The sun had set on the Strip and some members of the Norwegian curling team were taking a break from competing in a tournament here. They were ready to hit the town, the Bellagio, perhaps, and maybe dinner at Caesars Palace. But the men knew that tourists would not recognize them as Scandinavian stars of an obscure sport.
People cared more about their pants.
In a scene straight out of a geekier version of “Ocean’s Eleven,” Thomas Ulsrud, the team’s skip, wore purple paisley pants with a matching jacket. Christoffer Svae opted for a tuxedo with a playing card pattern, and Haavard Vad Petersson wore bright pink cotton candy swirls with dots of electric green.
Camera phones, laughter and the drunken exclamations of tourists followed the team as they traversed the dizzying casino carpet.
“You would think in Vegas people have seen crazy stuff like that before,” Svae said. “But they got a lot of attention.”
The curlers have gotten used to people paying attention to their clothes. In 2010, at the Vancouver Games, where the Norwegians won a silver medal, they made a splash when they made the sheet of curling ice their runway, competing in bright red, white and blue pants, the colors of their country’s flag.
The pants came as a shock in a sport in which athletes traditionally wear black and draw little notice outside of curling circles.
But for the coming Winter Games in Sochi, Russia, the Norwegian team is back, and so are their pants.
This year, there are at least two new pairs: one that’s a zigzag homage to their country’s flag and one that’s black and flowery and could be called grandmother-chic.
Within days of unveiling the threads in Vancouver, an unofficial Facebook page devoted to the team’s pants collected over 500,000 likes. (That’s about a tenth of the population of Norway.)
Representatives from Loudmouth, the company in Foster City, Calif., that made the pants, said orders out of London went up tenfold, and the company’s servers crashed.
“It was enough to cause a stir in the curling world,” Tony D’Orazio, a curler in Rochester, N.Y., who started the fan page and has chronicled the team’s subsequent fashion for the last four years, said. “For them to do what they did in 2010, it was revolutionary to curling. It took the traditions of the sport and re-energized it for a new generation.”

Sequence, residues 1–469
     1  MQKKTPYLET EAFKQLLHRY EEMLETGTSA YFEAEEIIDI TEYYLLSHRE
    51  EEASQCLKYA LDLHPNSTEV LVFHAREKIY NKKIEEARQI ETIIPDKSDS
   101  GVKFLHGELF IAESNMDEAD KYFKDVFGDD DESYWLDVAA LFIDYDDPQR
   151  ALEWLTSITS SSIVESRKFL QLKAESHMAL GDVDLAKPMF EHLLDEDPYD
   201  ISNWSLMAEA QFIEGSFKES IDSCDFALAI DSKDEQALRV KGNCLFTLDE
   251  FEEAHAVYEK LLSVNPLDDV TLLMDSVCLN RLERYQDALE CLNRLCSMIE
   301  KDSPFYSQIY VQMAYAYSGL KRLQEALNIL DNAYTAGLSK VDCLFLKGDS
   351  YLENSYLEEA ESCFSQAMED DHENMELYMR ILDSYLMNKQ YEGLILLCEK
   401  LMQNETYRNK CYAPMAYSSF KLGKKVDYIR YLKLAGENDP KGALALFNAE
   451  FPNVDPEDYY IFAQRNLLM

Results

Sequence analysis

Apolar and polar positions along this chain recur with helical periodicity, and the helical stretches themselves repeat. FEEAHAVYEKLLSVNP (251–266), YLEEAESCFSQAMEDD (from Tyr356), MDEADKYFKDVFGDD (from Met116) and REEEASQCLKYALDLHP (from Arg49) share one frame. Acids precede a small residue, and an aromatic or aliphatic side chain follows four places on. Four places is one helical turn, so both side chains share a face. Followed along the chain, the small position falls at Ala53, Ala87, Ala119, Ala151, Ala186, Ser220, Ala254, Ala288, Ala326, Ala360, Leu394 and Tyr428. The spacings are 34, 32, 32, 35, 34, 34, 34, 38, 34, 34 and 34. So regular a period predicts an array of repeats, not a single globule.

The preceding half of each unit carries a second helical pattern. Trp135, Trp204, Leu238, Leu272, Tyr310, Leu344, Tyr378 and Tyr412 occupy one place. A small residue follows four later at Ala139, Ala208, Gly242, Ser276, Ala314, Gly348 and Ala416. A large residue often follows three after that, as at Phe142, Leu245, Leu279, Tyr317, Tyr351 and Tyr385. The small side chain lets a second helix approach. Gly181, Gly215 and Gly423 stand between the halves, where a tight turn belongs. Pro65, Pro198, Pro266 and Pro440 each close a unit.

And for the last year designers and the team have been working on their highly anticipated line for Sochi.
The designs were intended to be tributes to Norway, but also had to look good on television, said Scott Woodworth, the founder of Loudmouth. The company made the team’s Vancouver pants and subsequently came on board as a sponsor.
The designers avoided white so the pants would not be lost on the ice. But they did not want the plain black that has been a ubiquitous part of curlers’ gear for generations.
“They needed to be Norway colors,” Woodworth said. “They needed to look good and be striking.”
The tradition of the colorful pants began as an accident.
Svae was looking online for gear after a supplier shipped the wrong uniform to the team just weeks before pre-Olympic training. He found golf pants with a red, white and blue checkered pattern and ordered a set in his teammates’ sizes. (Previously, the pattern was mostly purchased by fans of the University of Mississippi Rebels.)
“We didn’t really try to prove a point or anything,” Svae said. “It was just feeling comfortable with what we were wearing to represent our country. Obviously it was a break from tradition.”
At first, Svae’s teammates did not go for it.
“I thought it was the most ridiculous thing I had seen,” Torger Nergaard said. But he did not think fans would care one way or the other. “As long as we were wearing pants, I didn’t think there would be too much of a fuss.”
Four years later, the teammates say the pants improved their performance. Now they wear them in practice and in competitions.
“It kind of took the edge off everything,” Svae said. “When our games were not going too well, we’d look at each other and think, Oh, you look like a clown. So it made us feel at ease.”
Now, each player’s closet is a rainbow of 80 to 90 pairs of loud pants. They travel to each competition with about six options, usually coordinated by Svae. “My wife hates it,” Ulsrud added.
There are rules to go with the pants. One is that they all wear the same pants together as a team, never alone.
“These pants would be great to win in,” Vad Petersson said. “But they’d be terrible to lose in. We decided that when we wear them, we have to really try and win and go the whole way.” lol no shit
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